Garden School:

Garden School:
Teaching this week: Removing Hellebore leaves and trying not to tread on the daffs.

Wednesday, 3 March 2021

How to Pollard Cotinus coggygria for the best foliage

At this time of year - early March - there's still time to give Cotinus coggygria the annual pollarding, where I chop off all this year's luxurious growth, in order to promote large-leaved foliage for next year.

Pollarding, in case you don't already know, is a form of pruning where you keep the main trunk(s) of the chosen shrub or tree, and chop off all the new growth every year.

Why? Well, we pollard trees and shrubs for two main reasons: firstly because it allows us to keep them down to a manageable size, and secondly to promote super-large foliage.

Pollarding is quite different from just "lopping off half of all the branches to make it smaller". That practice is known as "topping" or, in my world, "butchering". A tree or shrub which has been topped, or - in gardening terms - "lollipopped" or "bunned" *shudders theatrically* can be ruined for years, as each cut branch will throw out a mass of new growth, which then sprouts untidily at the tips.

It is just so illogical: if the reason for cutting back the limbs was to make it smaller, well "Fail!" as the  kids say, you've just forced it to grow super-fast, and right at the extremities, not to mention spoiling the outline or "form" of the tree.

So normally we would do the classic RHS "one in three" style of pruning, where you remove about a third of the oldest stems right down at base  level, each year. This keeps the shrub down to a manageable size, it retains the original form of long arching branches, and if it's a flowering shrub, then regardless of what time of year it flowers, you will always have two-thirds of it flowering.

Pollarding,  however, is where you want to keep some height, but you want to keep the overall size as it is, and not allow it to get any bigger.

The other reason for pollarding a shrub - or, for that matter, certain trees - is that it promotes huge, juvenile foliage.

So if you have a shrub, or tree, with particularly appealing foliage, then pollarding is the way to go.

Some years, I pollard my Cotinus (plural of Cotinus, anyone? Cotini? Cotinusses?) in late autumn, but some years this job gets left until Feb or even March: it rather depends on the weather, partly because the weather affects how soon the leaves drop, and there's no point trying to do this with the leaves still on it, and partly because if the weather is very wet (as it is this year) I can't get onto the beds without ruining the soil and getting mud all over the lawn.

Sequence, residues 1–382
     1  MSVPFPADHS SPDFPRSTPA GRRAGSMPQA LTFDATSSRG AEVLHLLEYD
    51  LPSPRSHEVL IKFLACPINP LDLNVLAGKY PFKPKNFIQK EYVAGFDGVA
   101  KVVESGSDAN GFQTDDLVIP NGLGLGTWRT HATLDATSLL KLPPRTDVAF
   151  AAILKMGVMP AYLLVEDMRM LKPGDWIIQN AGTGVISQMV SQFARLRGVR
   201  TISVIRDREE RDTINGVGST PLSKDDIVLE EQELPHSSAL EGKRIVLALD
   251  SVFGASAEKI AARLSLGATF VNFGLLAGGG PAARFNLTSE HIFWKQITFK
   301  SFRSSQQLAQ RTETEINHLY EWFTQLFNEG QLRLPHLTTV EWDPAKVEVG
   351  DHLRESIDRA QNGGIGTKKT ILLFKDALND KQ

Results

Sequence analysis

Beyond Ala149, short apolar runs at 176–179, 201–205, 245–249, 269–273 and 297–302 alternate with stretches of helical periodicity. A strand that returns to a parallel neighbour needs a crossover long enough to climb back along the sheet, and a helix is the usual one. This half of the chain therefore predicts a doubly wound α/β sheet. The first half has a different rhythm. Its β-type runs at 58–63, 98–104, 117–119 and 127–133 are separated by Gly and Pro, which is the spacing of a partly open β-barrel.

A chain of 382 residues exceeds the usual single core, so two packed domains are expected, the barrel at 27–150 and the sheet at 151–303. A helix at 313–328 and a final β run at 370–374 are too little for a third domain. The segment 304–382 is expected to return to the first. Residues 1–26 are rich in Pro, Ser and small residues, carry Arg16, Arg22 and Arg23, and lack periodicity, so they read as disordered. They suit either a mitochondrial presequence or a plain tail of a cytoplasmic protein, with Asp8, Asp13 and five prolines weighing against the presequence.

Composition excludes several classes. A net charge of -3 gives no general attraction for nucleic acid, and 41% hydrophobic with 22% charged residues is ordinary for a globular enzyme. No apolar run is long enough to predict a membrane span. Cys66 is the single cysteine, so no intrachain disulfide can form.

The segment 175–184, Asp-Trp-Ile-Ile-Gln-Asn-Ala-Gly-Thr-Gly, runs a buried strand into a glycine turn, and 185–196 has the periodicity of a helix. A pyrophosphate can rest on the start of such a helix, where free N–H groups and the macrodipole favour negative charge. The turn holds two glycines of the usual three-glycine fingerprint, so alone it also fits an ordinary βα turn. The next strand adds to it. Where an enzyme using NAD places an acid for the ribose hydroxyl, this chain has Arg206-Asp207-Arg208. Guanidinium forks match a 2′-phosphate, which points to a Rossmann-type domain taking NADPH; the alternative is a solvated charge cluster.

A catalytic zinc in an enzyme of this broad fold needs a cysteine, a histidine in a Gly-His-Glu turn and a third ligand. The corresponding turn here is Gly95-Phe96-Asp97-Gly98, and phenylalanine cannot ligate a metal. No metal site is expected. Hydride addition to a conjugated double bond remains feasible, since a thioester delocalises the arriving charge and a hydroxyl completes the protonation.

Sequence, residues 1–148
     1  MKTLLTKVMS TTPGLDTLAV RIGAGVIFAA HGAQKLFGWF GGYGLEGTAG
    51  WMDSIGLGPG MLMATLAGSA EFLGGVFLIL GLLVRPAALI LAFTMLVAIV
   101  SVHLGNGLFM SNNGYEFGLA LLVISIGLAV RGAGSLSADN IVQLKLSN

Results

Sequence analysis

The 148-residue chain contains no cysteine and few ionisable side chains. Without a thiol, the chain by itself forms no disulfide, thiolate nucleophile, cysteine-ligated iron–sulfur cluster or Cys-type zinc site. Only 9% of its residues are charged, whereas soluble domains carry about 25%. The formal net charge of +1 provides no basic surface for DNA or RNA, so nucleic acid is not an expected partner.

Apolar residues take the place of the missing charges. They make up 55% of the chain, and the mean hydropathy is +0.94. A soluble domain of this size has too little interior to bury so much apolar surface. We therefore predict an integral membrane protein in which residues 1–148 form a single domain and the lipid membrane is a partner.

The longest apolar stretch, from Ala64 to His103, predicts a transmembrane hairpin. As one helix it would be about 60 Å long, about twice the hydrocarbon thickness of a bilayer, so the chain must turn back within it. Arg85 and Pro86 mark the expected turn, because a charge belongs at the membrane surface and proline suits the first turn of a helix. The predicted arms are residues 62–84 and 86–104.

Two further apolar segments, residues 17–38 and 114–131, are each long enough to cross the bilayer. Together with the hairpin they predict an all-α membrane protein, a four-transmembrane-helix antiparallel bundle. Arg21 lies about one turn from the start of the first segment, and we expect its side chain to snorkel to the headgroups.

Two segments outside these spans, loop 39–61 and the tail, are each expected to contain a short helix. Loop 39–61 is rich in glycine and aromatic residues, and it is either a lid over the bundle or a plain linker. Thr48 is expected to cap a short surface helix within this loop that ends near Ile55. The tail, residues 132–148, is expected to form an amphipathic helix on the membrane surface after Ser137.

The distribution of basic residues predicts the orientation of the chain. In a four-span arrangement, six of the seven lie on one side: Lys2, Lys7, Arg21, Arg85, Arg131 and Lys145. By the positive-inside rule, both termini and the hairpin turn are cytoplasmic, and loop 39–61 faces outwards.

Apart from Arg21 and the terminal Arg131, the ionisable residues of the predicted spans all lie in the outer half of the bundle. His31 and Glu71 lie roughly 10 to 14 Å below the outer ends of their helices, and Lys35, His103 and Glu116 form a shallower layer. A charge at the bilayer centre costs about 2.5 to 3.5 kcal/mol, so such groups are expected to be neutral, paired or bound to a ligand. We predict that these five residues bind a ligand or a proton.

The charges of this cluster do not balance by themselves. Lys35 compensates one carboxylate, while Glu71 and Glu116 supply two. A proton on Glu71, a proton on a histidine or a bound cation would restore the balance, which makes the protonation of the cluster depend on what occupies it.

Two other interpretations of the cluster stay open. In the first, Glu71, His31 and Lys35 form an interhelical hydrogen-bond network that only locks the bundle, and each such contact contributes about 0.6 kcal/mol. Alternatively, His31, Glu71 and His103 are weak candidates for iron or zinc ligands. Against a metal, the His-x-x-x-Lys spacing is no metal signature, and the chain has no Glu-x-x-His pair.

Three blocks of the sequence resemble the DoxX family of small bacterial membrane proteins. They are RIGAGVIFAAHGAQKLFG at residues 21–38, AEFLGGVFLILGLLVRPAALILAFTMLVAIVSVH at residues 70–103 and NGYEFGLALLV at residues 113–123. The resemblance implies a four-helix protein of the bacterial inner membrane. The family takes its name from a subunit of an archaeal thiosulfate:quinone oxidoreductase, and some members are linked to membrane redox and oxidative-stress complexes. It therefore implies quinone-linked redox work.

This is, in fact, one of those useful gardening jobs that can be saved up until conditions are right!

Here's one which I do every year - this is what it looks like over winter, once the leaves have fallen: I go round and chop off every single one of those long lanky shoots, right back to the main stem.

Bearing in mind that I do this one, without fail, every single winter, you can see just how much it can grow in one year. 

The main parts of this shrub are at eye-height for me: so those lanky stems are easily 6-7' long.

If you didn't prune it every year, imagine how big it would get!

I say that, but actually, the act of pollarding, or hard-pruning, promotes growth, so if you were to leave it unpruned, it would not really make this amount of growth every year: growth would slow down each year.

But it would soon become an over-large shrub. So I pollard it, every year, and this - below - is what it looks like when I'm done.

Brutal, huh?

It is now a typical pollard, with knobbly lumps where I have repeatedly shortened the new growth, as hard as I can.

It grows back every year, trust me!

Pollarding like this has another couple of benefits: the weather can get to the soil around the base, so it gets water, and frost, and other natural climate ingredients.

The removal of the branches allows me to get in there and weed: so it doesn't become infested with bindweed or other noxious weeds.

And, not least, it allows an underplanting of bulbs and early spring flowers, to brighten up the area.

So there you go - how, when, and why to pollard your Cotinus bushes.

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Monday, 1 March 2021

Pond maintenance

You know how people sometimes start off a conversation, or an article, with phrases such as:

"[insert theme]: ah, a subject dear to my heart." ? 

Well, pond maintenance is about as far from my heart as it is possible to get. I loathe pond maintenance!

I still do it, mind you, when I am paid to do so: but it's a horrible, horrible job! *laughs* 

No - it's not that bad. I'm joking. But there are a couple of drawbacks about working in ponds...

Firstly, it's a wet job: as they say at Alton Towers: “You will get wet, on this ride”. OK in summer, not so nice at any other time of year.